The UK economy expanded as initially estimated in the second quarter and the current account gap widened on visible trade deficit and primary income shortfall, data from the Office for National Statistics revealed Friday.
Gross domestic product grew 0.4 percent in the second quarter, unrevised from the previous estimate. The growth rate for the first quarter was revised down to 0.1 percent from 0.2 percent.
On a yearly basis, the economy expanded 1.2 percent, which was revised down slightly from 1.3 percent.
The production-side breakdown of GDP showed that construction grew 0.8 percent after falling by revised 1.6 percent, the most since mid-2012.
Manufacturing output contracted 0.7 percent in the second quarter. Meanwhile, growth in the dominant services was revised up to 0.6 percent from 0.5 percent.
Due to higher visible trade deficit and primary income shortfall, the current account deficit widened by GBP 4.6 billion to GBP 20.3 billion in the second quarter. This was equivalent to 3.9 percent of GDP.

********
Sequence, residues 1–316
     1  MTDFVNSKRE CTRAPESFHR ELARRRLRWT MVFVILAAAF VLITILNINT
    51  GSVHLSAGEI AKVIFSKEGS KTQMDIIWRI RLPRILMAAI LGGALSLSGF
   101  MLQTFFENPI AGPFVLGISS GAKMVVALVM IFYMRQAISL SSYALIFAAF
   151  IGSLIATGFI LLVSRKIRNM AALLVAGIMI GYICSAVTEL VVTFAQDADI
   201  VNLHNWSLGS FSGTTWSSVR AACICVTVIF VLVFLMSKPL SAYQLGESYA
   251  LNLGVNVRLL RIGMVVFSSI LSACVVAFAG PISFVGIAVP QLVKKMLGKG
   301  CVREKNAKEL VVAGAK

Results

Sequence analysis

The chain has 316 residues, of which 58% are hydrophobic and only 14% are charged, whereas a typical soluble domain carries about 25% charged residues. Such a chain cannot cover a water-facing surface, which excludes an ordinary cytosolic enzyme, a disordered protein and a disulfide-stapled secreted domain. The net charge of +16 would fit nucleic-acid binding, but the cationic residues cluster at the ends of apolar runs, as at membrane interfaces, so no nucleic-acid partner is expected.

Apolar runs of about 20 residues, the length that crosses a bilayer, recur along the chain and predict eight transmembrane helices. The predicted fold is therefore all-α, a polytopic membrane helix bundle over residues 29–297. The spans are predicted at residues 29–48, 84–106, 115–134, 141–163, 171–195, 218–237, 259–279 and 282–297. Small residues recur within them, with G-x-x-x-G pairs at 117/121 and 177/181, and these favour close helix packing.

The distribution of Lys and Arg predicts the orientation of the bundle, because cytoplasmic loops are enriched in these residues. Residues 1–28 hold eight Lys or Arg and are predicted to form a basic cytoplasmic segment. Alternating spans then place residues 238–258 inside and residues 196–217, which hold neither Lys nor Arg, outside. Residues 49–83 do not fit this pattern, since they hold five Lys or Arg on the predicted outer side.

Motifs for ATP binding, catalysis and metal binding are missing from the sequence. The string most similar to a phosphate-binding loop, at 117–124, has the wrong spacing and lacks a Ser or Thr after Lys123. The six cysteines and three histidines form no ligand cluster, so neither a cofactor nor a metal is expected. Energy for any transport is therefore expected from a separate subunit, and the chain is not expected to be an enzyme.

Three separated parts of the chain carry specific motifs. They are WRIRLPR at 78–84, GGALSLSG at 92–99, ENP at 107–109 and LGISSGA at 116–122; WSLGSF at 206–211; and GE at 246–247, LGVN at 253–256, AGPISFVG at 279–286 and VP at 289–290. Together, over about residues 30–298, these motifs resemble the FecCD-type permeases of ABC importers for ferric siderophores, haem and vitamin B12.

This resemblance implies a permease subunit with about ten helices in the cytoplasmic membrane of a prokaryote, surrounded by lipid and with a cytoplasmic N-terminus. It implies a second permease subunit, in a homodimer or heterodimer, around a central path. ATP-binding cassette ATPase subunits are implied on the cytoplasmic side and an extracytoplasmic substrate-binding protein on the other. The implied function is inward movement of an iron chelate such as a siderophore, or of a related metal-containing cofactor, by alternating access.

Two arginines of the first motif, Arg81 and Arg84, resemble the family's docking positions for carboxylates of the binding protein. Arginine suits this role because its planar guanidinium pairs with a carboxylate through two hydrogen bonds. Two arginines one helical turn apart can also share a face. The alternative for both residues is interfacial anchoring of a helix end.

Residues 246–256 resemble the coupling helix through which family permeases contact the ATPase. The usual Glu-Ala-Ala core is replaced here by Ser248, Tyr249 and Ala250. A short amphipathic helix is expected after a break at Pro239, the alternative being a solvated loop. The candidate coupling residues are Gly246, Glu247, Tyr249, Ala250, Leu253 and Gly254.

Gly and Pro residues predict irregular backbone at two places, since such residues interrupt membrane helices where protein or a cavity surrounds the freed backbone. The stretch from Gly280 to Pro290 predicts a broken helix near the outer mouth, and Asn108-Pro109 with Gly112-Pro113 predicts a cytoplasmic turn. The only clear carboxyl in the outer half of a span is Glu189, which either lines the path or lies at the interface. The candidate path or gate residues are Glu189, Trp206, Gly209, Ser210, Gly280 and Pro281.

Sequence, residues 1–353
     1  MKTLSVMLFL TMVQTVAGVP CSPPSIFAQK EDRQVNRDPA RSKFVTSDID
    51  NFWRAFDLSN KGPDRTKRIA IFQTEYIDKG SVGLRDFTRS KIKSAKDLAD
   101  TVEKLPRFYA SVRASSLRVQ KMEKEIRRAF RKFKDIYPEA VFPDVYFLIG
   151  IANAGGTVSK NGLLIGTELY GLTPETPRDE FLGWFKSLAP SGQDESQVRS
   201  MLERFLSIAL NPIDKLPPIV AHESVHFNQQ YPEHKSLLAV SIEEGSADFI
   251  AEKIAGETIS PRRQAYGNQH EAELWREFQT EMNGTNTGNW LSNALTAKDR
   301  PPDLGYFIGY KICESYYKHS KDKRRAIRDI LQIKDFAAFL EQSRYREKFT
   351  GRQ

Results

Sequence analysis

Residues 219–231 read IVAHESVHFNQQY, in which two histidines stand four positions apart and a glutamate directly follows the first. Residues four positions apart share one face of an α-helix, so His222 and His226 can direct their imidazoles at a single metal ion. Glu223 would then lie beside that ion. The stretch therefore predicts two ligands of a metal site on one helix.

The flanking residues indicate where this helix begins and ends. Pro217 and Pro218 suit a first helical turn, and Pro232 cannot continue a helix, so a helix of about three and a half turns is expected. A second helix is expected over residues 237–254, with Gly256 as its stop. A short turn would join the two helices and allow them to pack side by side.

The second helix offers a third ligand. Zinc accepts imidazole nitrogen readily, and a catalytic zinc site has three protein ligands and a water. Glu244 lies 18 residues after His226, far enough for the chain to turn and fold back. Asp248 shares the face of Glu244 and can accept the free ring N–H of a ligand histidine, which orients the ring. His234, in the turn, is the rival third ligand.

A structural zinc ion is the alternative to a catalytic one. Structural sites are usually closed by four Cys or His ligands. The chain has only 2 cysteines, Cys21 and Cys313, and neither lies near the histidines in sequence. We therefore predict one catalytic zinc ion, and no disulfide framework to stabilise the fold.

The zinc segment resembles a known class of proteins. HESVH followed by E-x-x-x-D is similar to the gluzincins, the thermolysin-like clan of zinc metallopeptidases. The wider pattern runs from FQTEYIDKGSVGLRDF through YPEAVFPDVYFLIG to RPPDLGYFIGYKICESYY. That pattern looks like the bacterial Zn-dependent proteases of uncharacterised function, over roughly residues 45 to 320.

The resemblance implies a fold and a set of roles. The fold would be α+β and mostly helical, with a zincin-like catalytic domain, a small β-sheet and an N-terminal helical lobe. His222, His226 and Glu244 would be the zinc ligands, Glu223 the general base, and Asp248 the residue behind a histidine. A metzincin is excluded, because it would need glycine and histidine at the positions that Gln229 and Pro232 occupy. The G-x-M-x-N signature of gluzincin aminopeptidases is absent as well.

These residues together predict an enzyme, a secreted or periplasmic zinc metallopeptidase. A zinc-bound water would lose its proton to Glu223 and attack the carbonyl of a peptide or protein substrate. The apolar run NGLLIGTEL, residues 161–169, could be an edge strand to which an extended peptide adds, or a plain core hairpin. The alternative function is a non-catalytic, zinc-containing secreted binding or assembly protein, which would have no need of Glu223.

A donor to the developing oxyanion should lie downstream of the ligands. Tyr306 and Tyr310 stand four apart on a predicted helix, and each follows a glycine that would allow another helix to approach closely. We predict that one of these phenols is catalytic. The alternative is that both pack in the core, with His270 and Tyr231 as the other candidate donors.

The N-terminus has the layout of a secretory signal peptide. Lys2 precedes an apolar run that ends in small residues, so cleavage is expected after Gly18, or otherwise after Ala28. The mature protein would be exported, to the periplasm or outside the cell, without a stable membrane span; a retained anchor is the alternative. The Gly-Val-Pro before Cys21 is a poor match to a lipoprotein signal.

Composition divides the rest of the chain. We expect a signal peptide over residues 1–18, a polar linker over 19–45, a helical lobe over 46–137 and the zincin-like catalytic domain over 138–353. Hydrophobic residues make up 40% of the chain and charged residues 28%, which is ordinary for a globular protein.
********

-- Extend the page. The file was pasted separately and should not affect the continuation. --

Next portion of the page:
The total trade deficit widened to GBP 6.1 billion from GBP 3.3 billion a quarter ago. The widening was driven by an increase to imports of goods, which reached a record high of GBP 120.6 billion in the second quarter.
Another report showed that household spending gained 0.4 percent sequentially and by 1.6 percent from the previous year.
Data also showed that business investment decreased 0.7 percent instead of the 0.5 percent rise estimated previously. Consequently, gross fixed capital formation declined by 0.5 percent versus prior estimate of 0.8 percent increase.
The GDP figures were pretty disappointing and with plenty of downside risks to the outlook, the Bank of England unlikely to be in any hurry to raise rates again soon, said Ruth Gregory, an economist at Capital Economics.